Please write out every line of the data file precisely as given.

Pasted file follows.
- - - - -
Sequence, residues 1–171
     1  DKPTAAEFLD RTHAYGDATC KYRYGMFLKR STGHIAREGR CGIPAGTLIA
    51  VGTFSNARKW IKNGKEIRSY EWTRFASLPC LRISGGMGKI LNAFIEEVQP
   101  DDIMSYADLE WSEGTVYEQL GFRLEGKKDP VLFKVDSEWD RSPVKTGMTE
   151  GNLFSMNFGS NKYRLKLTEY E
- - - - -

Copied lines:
Sequence, residues 1–171
     1  DKPTAAEFLD RTHAYGDATC KYRYGMFLKR STGHIAREGR CGIPAGTLIA
    51  VGTFSNARKW IKNGKEIRSY EWTRFASLPC LRISGGMGKI LNAFIEEVQP
   101  DDIMSYADLE WSEGTVYEQL GFRLEGKKDP VLFKVDSEWD RSPVKTGMTE
   151  GNLFSMNFGS NKYRLKLTEY E